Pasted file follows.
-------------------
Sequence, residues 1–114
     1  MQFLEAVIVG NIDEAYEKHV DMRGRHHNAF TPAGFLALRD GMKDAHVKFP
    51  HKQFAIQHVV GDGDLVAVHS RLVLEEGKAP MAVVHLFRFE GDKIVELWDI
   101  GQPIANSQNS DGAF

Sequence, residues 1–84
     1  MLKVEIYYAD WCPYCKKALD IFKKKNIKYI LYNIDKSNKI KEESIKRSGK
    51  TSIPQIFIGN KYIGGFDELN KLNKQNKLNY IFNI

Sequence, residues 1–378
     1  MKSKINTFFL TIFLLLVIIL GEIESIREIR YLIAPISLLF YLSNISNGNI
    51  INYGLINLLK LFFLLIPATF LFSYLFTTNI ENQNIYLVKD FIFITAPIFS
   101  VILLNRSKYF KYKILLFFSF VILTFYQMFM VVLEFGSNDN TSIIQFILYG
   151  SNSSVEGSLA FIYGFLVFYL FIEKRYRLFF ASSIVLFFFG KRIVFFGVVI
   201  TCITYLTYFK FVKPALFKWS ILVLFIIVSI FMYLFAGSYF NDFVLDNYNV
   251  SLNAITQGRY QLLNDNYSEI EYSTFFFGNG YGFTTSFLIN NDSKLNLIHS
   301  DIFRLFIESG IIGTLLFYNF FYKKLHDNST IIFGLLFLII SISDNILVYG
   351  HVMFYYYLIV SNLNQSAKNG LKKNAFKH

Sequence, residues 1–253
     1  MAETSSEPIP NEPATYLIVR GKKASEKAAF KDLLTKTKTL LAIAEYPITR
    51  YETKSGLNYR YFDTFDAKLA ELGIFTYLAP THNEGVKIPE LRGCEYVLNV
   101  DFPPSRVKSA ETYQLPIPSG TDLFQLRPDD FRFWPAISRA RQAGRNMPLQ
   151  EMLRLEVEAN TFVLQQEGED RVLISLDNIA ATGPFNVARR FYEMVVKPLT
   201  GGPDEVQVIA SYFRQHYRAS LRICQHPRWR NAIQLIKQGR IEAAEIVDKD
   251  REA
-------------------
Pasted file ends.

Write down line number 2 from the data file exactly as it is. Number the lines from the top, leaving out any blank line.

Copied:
     1  MQFLEAVIVG NIDEAYEKHV DMRGRHHNAF TPAGFLALRD GMKDAHVKFP